By Megan Mullarky
To enter a sculptural installation of Jordan Wolfson is comparable to accepting a dare. Subjecting oneself to the gaze of a robotic figure, one which grotesquely references human features and movements and yet at the same time makes actually being human seem ludicrous, the visitors must subject themselves to the formidable ridicule of the robot. The Howdy Doody/Huckleberry Finn robot doll in the first part of the two-segment exhibition at the Stedelijk Museum, entitled Colored Sculpture, is dragged through the air by thick, metal chains from which his bodily shell is repeatedly dropped violently to the floor. With abnormally large, illuminated blue eyes mechanized by motion-tracking software, he is able to silently gaze directly in the face of viewers and perceive their expressions while only seconds later flopping bizarrely to the ground like a sadistic, overgrown puppet. In contrast, Female Figure is relatively stationary, a white-clad robotic female dancer who is in this case attached to the mirror via a moderately short, un-extendable pole. Yet as the music starts and her gaze begins to follow the visitors to her cavernous, white cube enclosure, it becomes clear that to be in her presence is a far from calm experience. This time, unlike Colored Sculpture, her position shifts only slightly, and as a result the direction of her gaze is not betrayed by her body language. Instead, it is only her eyes, partially hidden behind her green mask, which flit from face to face, suddenly catching the eye of an unsuspecting viewer.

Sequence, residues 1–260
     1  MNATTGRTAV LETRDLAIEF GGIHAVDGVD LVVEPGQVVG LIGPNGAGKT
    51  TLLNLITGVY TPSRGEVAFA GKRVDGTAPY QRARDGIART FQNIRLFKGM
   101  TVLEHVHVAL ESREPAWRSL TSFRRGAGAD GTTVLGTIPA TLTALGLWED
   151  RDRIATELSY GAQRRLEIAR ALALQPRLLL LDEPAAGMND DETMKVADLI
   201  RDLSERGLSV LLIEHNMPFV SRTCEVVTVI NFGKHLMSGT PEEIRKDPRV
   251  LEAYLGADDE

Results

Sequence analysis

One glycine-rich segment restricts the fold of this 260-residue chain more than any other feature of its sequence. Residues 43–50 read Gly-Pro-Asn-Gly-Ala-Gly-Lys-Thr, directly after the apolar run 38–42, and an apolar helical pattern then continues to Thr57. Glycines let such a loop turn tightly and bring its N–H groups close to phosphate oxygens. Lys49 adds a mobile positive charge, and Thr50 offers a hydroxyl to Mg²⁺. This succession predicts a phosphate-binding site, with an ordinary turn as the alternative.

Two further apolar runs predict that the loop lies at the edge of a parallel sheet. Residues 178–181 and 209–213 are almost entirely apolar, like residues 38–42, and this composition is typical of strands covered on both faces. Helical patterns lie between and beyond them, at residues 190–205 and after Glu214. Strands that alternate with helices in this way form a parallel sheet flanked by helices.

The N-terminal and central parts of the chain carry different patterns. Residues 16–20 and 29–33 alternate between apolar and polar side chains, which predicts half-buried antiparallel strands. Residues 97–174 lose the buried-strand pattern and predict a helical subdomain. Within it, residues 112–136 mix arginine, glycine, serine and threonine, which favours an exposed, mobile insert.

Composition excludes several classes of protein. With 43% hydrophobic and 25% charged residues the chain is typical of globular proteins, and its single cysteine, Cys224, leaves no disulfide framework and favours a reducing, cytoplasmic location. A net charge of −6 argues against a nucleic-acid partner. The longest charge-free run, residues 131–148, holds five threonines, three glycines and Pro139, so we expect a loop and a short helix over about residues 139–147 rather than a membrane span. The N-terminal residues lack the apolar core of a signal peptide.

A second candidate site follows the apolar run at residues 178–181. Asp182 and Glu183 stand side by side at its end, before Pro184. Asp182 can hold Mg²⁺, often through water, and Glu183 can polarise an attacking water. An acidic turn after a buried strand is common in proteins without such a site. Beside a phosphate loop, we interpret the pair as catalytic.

In both such installations there is a certain element of terror. It is a common response, in fact, for visitors to state that they found the installation psychologically confronting, or even frightening. The performance of the large-headed and unattractively vibrant Colored Sculpture figure, in its eerily long silences spent staring into the eyes of particular viewers, blaring personal theme song “When a Man Loves a Woman,” and deafening collisions with the floor, is determinately artificial: the robot is programmed to complete this repeating loop of activities. It can be understood then, that the actual behavior of the robotic work cannot possibly play off of the movements or emotions of the viewer, despite Wolfon’s teasing of such intelligence instigated by the use of the motion-tracking software. This is, of course, equally true in Female Figure. As a result, the physical and emotional response to Wolfson’s sculpture are much more complex than can be reduced to a single sensation. What emerges, in fact, is a battle of dichotomies in which fear is countered by an innate attraction to the work, and what initially seemed ugly takes on a certain beauty through the ability of the works to intrude upon the emotional capacity of the visitor. Furthermore, the initial intrusiveness of the sculpture in its ability to robotically interact with the viewer is quickly countered by the acknowledgement that due to the pre-determined behavioral programming of the work, there is an innate psychological distance between viewer and object. In embodying something both ugly and beautiful, fascinating and confronting, intimate yet distant, the robotic sculptures take on a type of “funhouse” quality through which a distinctly entertaining experience emerges.